President Franklin D. Roosevelt, Mayor Fiorello La Guardia, Albert Einstein, and other dignitaries were on hand for the grand opening. The one million fairgoers organizers had predicted were not. The gloomy, wet weather reduced attendance to at best half that, and some estimates were as low as two hundred thousand.
On April 30, 1939, the future was cloudy indeed. Two of the world’s fair’s sixty original nations, Austria and Czechoslovakia, had recently ceased to exist as independent states, devoured by Hitler’s Germany. Germany, another original participant, had pulled out of the fair in a fit of pique over increasing criticism from Americans, not least of them the outspoken La Guardia.
In September 1939, as the fair’s first season was drawing to a close, Germany invaded another participating nation, Poland. Within weeks, Germany and the Soviet Union had divided the country. Two more nations at the fair, England and France, declared war.
New York’s world’s fair, like the world itself, was in shambles when it opened again in May 1940. From “The World of Tomorrow,” which now seemed hopelessly naive, the official theme was changed to “For Peace and Freedom.” Ten nations did not reopen their pavilions, most of them because they were now in Nazi hands. Finland, overrun by the Soviets, closed its pavilion. The Soviet Union had shut down its own pavilion, dismantled it, and shipped it away.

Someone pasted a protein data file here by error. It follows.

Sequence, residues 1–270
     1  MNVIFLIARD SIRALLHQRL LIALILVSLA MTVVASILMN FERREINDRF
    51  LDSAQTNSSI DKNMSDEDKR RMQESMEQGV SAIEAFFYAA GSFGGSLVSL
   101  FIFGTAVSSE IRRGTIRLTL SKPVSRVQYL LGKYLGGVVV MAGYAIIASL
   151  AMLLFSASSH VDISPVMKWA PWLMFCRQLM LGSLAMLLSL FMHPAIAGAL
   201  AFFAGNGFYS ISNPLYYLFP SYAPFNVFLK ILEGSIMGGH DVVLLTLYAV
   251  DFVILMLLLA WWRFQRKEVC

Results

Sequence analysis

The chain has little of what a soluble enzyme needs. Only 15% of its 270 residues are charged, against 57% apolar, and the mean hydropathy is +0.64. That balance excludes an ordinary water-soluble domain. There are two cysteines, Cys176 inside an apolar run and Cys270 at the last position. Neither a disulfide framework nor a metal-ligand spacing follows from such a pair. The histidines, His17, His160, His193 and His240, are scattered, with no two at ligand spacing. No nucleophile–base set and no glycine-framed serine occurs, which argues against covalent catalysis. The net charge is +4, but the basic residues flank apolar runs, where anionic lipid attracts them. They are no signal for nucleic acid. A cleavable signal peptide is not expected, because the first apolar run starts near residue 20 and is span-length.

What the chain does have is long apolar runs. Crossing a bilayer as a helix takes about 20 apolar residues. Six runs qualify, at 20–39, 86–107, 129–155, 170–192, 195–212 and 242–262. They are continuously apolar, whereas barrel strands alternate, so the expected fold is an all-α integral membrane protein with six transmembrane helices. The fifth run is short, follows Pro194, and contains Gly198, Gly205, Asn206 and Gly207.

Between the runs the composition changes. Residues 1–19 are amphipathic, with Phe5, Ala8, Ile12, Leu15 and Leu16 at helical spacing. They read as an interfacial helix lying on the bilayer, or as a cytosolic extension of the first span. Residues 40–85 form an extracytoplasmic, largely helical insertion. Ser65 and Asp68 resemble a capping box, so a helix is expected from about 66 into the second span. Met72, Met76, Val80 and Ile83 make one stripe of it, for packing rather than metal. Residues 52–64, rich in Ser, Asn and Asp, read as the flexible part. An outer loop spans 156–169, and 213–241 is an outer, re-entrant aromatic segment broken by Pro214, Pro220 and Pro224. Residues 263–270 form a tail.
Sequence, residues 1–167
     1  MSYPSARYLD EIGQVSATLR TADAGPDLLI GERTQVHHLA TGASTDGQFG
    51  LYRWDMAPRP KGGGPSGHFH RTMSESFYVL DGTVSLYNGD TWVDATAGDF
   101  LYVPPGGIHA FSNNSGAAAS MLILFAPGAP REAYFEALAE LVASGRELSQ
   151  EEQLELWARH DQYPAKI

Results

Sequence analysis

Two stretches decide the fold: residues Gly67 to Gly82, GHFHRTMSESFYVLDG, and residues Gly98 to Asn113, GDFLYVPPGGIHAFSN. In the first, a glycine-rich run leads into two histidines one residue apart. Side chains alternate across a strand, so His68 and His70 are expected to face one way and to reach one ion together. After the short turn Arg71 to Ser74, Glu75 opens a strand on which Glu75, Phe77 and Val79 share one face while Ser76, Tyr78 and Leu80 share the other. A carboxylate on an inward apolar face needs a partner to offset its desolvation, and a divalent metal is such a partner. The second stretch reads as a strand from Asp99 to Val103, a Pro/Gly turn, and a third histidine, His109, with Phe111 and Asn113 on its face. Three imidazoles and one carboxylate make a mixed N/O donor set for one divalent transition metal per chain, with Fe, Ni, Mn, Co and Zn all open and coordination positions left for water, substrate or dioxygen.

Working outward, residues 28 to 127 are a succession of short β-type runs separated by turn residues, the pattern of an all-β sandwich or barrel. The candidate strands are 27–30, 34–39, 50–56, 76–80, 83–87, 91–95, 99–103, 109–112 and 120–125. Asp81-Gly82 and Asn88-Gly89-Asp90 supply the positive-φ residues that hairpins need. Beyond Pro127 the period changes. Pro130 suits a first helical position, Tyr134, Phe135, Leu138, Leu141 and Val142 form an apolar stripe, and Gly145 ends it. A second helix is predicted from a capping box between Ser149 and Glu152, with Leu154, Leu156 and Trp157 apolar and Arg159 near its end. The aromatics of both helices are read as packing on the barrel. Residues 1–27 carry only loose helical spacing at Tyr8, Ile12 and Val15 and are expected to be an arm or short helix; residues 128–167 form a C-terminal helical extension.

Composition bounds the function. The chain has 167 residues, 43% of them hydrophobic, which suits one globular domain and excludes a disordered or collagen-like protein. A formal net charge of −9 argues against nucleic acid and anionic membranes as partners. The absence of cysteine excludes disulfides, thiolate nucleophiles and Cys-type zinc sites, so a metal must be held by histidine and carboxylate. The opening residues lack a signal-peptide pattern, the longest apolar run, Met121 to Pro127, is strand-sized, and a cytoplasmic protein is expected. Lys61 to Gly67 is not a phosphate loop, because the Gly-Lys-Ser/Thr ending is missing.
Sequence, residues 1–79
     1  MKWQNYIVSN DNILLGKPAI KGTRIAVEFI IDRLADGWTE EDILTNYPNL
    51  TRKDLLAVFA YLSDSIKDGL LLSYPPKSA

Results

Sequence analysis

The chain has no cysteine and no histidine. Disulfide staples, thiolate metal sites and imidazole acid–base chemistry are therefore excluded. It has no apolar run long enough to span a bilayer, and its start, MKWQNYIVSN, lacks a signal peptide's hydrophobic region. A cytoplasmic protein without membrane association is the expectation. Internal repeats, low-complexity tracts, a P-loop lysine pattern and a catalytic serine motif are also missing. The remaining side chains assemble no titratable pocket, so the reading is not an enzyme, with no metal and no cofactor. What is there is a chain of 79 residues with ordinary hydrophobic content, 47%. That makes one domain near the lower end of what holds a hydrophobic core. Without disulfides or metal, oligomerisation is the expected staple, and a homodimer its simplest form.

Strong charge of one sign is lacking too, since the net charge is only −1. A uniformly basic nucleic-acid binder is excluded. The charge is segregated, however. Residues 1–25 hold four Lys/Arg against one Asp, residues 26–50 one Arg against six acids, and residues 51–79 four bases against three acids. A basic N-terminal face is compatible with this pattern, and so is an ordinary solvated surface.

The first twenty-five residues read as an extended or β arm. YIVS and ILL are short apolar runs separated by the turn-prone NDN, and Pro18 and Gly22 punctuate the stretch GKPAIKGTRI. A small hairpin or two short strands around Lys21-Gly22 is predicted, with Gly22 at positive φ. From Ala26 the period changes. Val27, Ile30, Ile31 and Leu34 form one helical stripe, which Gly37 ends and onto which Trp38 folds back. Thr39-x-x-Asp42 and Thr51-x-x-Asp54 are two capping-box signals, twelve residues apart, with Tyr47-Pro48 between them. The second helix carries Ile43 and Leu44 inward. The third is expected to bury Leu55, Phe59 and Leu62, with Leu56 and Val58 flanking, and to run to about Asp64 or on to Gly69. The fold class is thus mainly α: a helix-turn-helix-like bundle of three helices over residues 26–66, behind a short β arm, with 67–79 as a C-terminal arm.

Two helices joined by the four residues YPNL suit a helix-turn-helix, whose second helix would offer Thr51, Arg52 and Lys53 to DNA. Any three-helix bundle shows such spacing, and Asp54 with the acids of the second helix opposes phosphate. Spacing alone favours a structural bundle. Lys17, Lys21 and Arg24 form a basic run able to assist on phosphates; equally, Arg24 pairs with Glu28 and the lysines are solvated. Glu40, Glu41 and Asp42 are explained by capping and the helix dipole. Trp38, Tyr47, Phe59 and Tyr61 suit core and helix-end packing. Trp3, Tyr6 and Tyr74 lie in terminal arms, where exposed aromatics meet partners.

By July Hitler had established dominion over virtually all of western Europe, and his Luftwaffe was bombing England in preparation for an invasion. That July 4, a terrorist bomb at the fair killed two people and severely injured others. Japan, which had one of the more popular national pavilions at the fair, formally joined the Axis alliance with Germany and Italy that September. By the time the fair dispiritedly folded for good at the end of October 1940 its theme might as well have been “The World at War.”
The conflict that began in September 1939 raged on around the world until August 1945. Fifty million to 85 million people died (estimates still vary). Millions more were injured, raped, enslaved, displaced, or otherwise brutalized. Many of the world’s great cities were smashed to rubble. It all ended in the hellish flash of the most powerful weapon yet developed, the atom bomb.